All The Groundbreaking Leads of 2022

All The Groundbreaking Leads of 2022

Breaking barriers one character at a time



The conversation around diversity continues to happen in different industries. From the fashion world to Hollywood, the discussion often involves giving more roles, responsibilities and exposure to those who are queer or of color. This includes spotlighting Asian-led brands, hiring actual gay people to take on gay roles and crediting all the Black creators who jumpstarted trends. Telling Asian stories means giving the community space to show it transparently—without any threat of tokenization or whitewashing. The same thing goes for Black storytellers who try to go beyond stereotypes. 


Thankfully, those who have the power to give these individuals platforms actively do. Specifically speaking about Hollywood, authors and showrunners cast the best actors regardless of race. If these individuals can embody the character, who’s to say they shouldn’t play them based on their skin color or ethnicity? To celebrate such wins, we list down the groundbreaking leads of 2022.


Rosalie Chiang


Disney’s Turning Red is an already revolutionary film in itself. But instead of casting an A-lister to voice Mei Lee, they stuck with Rosalie Chiang. According to San Francisco Chronicles’ Datebook, Disney initially hired Chiang as a temporary placeholder for Mei Lee. But as production continued, they kept her as a regular cast member. In all honesty, Disney made the right decision. Who else can pull off the “I like gyrating!” line like Chiang? 


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Ncuti Gatwa


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The new Doctor is in. Sex Education’s Ncuti Gatwa (who played Eric Effiong) was recently cast as the latest Doctor Who—the first Black Doctor, to be specific. Ncuti Gatwa, 2020’s Best Actor at the Scottish BAFTA, replaces Jodie Whittaker as the resident time traveler in this well-loved sci-fi series. His casting is not only historical but might actually pave the way for more diverse Doctors to appear. While Jo Martin played the Fugitive Doctor for three episodes, previous lead Doctor Who actors include 12 Caucasian men and one white woman. This fact makes Ncuti Gatwa’s role highly anticipated.  


Xochitl Gomez


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Carrying the torch as Marvel’s first openly Queer Latina hero might be a heavy weight to bear, but it’s nice to know Xochitl Gomez continues to do it with finesse. The world gets their first look at America Chavez in Doctor Strange in the Multiverse of Madness. This is just the start of more progressive conversations in superheroes and comics. While, of course, Gomez’s America serves as a side character, her importance in the story is enough to treat her like a lead. Here’s to hoping we get to see her in action soon.


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Leah Jeffries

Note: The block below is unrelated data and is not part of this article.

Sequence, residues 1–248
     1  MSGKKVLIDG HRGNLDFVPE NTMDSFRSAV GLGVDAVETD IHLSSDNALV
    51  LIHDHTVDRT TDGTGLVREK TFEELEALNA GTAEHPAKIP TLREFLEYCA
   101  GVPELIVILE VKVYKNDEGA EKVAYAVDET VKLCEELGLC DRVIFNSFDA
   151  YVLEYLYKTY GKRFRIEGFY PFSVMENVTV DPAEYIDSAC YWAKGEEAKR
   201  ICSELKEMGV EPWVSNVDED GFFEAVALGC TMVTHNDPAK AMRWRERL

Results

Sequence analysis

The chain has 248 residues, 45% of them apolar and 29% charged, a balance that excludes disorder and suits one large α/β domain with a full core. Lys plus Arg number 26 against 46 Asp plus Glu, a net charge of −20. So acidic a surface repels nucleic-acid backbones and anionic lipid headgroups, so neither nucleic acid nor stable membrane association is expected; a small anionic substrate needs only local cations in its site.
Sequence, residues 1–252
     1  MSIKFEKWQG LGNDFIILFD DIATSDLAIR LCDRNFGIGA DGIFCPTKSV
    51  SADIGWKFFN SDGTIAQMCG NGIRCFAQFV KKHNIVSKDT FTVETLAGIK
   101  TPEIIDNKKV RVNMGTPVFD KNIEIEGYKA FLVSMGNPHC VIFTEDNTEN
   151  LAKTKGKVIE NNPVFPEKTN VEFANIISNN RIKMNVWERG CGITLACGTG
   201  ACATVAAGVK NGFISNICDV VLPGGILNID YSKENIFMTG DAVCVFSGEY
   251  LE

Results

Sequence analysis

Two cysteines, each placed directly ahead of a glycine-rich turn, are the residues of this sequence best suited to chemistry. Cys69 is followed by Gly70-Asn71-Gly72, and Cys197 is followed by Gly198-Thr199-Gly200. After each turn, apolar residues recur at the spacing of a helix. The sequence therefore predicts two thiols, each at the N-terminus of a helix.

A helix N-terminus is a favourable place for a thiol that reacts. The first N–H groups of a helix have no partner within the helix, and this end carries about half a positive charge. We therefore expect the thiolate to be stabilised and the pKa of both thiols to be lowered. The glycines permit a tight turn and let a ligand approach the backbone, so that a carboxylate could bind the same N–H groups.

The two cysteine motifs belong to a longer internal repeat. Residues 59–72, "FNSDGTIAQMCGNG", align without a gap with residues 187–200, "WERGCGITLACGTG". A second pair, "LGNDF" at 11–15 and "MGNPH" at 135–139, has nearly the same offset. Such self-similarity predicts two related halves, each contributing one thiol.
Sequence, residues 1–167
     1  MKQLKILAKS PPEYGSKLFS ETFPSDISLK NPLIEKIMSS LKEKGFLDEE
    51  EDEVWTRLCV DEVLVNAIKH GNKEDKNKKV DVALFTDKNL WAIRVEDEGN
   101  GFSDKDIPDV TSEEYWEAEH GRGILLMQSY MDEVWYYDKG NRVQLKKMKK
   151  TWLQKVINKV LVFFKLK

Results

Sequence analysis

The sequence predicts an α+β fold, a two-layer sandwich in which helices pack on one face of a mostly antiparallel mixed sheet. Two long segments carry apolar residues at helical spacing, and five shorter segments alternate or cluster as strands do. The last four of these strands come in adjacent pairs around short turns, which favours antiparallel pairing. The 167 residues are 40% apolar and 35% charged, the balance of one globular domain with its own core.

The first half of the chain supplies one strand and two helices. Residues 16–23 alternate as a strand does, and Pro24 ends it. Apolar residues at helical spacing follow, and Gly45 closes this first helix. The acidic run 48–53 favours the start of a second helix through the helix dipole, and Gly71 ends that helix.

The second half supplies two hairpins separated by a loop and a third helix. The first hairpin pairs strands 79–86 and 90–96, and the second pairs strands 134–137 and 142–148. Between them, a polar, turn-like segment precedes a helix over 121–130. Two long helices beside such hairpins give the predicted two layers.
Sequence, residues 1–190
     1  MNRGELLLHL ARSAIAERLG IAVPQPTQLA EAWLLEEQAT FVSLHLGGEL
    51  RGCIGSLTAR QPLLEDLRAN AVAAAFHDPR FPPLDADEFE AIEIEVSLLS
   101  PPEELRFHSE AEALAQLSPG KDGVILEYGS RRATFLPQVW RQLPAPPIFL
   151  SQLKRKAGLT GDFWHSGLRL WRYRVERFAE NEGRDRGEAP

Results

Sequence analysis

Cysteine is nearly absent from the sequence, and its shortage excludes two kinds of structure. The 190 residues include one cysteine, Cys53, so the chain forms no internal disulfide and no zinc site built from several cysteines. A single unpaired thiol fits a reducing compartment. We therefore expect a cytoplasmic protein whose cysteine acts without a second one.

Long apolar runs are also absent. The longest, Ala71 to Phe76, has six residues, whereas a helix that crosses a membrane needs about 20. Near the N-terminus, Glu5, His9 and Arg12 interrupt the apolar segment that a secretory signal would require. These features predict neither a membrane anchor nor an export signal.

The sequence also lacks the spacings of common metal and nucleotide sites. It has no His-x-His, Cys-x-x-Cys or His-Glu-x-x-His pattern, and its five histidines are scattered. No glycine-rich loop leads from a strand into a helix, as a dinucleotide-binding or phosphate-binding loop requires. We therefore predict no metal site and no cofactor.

The original Percy Jackson live adaptation, according to many, flopped. With a reboot in the works, many were curious about who will succeed Logan Lerman, Brandon T. Jackson and Alexandra Daddario as Percy, Grover and Annabeth, respectively. For the upcoming series on Disney+, Rick Riordan casts The Adam Project’s Walker Scobell as Percy Jackson and Leah Jeffries as Annabeth Chase. Some fans were quick to react since Annabeth is canonically Caucasian, while Jeffries is a Black actor. They thought it was disloyal to the series. However, Riordan defended his choice, calling angry fans “racist” for being upset over the casting, especially nitpicking Jeffries’ race and ethnicity. The fact that Riordan vouches for her ability speaks volumes. Who are we to dispute the actual author over all this?


Aryan Simhadri


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The Percy Jackson and The Olympians reboot also casts Indian-American Aryan Simhadri as Grover Underwood. As we can see, Riordan has historically gone against his own writings. Back in 2010, he cast Brandon T. Jackson, a Black actor, for a canonically white role. This further proves that Riordan doesn’t believe that looks are the sole basis of one’s ability to embody and carry a character. According to Deadline, Riordan states: “I have been clear, as the author, that I was looking for the best actors to inhabit and bring to life the personalities of these characters, and that physical appearance was secondary for me.” He continues this belief by casting Disney star Aryan Simhadri as Grover—a little different than Brandon T. Jackson.



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Safe to say, this is the start of something long overdue: the amplification of diverse talents in mainstream media. One that isn’t tokenizing or fetishizing but allowing them to take up space and make their mark.



Art Chelsy Estrada

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